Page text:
I think that such continuity is a necessary condition for passage into an instance of unreality. What would happen if, in contrast to the actual way the play is written, Arnold would have had no continuity of memory, and personality? What if he, just as all the other characters, had fully transformed into a character of the Victorian story, the murder mystery, and the science fiction romp? In that case, what we would have witnessed in act II would have been much more abstracted from the events in act I. We would have seen a first act that featured some writers talking about their writings, and then a second version of those writings, now acted out by people resembling the actors in act I, but without connection to them. Thus one effect of Arnold's continuity of person is to connect: to bind act I and act II together more strongly, and also to draw us, the audience, deeper into the events. After all, he is in a way in the same situation as we are. Just as we, the audience, remember the content of act I, so does he. By providing a possibility to identify with him, the play makes it easier for us to engage imaginatively. Arnold is, so to speak, 'our man on stage'. He is closer to us than the other characters, because he has the same memories of previous events as we have (and the other characters seem not to have), and he has to make sense of what's going on, just as we have, too.

The continuity of personality in Arnold and our sense of plunging from the world of the play into the worlds of those fictions within that world are two sides of a medal. If there were no traveler such as Arnold, the only thing we could perceive would be a sequence of, first, a play in which stories are talked about, and second, a number of dramatic performances of something resembling those stories — and we would perceive that as an arrangement made by the playwright (or the director). It's rather similar to reading an introduction to a dialogue of Plato, say, where the introduction quotes extensively and summarizes the content of the dialogue, and then continuing to read that very dialogue which comes in the same volume, after the introduction. There is an external editor behind this constellation. Compare this to the scene in Sophie's World in which Plato himself appears in a video recording and gives his spectator introductory questions that lead into his philosophy (which is afterwards explained to Sophie in a written overview article).[1]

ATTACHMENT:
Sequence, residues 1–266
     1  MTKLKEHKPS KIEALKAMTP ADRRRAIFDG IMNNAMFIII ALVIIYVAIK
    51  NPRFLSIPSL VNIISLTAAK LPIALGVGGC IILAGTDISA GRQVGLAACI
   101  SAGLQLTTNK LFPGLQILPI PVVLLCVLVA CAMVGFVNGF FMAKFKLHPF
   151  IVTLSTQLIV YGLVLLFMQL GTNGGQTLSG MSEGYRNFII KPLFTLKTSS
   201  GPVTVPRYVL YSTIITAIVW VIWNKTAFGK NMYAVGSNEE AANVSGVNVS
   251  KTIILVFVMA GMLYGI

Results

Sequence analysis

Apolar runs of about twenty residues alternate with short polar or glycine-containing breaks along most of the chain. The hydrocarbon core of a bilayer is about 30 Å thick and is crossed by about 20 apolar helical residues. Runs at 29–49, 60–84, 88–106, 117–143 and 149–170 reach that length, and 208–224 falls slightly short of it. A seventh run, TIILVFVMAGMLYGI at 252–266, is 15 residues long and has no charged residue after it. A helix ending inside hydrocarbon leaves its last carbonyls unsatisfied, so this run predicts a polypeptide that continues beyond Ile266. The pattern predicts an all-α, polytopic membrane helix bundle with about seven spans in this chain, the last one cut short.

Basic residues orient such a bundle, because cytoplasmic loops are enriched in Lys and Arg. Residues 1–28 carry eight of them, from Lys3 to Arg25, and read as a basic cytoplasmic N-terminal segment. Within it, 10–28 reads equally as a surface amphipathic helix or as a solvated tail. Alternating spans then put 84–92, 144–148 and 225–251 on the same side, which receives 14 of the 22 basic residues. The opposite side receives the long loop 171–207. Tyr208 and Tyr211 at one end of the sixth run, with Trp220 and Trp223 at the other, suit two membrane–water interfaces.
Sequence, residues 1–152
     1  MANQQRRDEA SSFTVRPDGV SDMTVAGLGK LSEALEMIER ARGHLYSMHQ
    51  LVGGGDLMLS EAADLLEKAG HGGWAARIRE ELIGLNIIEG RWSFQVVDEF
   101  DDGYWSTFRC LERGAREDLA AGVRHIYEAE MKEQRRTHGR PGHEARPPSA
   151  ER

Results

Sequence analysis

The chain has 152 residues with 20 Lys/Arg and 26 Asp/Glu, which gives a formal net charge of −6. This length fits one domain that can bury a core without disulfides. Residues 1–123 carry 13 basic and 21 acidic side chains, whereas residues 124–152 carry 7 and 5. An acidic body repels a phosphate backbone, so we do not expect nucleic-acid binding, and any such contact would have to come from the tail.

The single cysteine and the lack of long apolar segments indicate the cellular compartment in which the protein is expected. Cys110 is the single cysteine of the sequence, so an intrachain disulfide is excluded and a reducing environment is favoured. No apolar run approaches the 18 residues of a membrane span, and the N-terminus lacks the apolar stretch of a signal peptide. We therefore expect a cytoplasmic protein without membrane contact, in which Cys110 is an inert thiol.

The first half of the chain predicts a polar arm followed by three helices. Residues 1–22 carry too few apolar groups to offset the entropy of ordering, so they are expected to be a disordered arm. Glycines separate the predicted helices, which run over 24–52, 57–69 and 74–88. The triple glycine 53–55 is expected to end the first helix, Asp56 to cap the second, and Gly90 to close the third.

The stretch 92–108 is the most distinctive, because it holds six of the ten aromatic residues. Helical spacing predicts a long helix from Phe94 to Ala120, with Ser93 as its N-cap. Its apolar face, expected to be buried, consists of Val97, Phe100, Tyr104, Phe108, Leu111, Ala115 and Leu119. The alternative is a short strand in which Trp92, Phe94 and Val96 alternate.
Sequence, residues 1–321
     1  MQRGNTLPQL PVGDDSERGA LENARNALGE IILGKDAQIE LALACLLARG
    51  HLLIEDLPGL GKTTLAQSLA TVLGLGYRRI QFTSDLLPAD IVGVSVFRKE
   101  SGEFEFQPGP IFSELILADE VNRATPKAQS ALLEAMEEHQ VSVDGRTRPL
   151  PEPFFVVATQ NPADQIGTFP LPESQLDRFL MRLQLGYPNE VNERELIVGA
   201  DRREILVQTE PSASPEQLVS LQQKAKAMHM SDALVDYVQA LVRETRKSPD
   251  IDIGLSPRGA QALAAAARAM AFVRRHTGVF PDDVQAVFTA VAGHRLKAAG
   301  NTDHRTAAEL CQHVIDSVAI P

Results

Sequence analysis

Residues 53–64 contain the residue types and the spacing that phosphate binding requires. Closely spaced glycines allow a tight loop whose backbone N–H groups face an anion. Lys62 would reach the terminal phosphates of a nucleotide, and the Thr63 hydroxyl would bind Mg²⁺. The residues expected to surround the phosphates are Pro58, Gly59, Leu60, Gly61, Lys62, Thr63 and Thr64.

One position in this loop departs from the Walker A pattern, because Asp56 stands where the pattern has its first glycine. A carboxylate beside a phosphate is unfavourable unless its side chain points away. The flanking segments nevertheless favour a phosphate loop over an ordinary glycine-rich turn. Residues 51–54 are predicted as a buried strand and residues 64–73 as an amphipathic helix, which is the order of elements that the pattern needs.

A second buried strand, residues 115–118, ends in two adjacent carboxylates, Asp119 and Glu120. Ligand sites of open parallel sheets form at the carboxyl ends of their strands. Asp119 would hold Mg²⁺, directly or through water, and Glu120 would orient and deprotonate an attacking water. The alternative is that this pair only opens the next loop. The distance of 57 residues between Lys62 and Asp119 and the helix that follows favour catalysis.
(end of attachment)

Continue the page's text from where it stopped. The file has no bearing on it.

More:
Thus there wouldn't be passage at all if none of the characters had any continuity through the different worlds. There's nothing impossible about a play being constructed that way. But it wouldn't feature any sort of passage any more. Passage requires continuity in at least one character, continuity throughout the world of the fiction and the world of the fiction-within-fiction. It must be the same, continuous person in the originating world and the destination world. It's the same thing with passage in other forms. When people enter dream worlds in movies like Inception, they retain a good deal of their personality from the world outside the dream — including their plans, of course, for otherwise the plot of trying to steal something specific (such as vital business information) during the dream would not be feasible. Likewise, no timetravel story really would make sense unless the timetraveler is the same person in the destination world (that is, the world at some past or future time) as in the originating 'present' from which she started.

[1] Jostein Gaarder, Sophie's World. New York: FSG 2007, 77–78. There are more interesting instances of passage in that novel, but those are for another time.

April 8, 2012

Improbable fiction and passage markers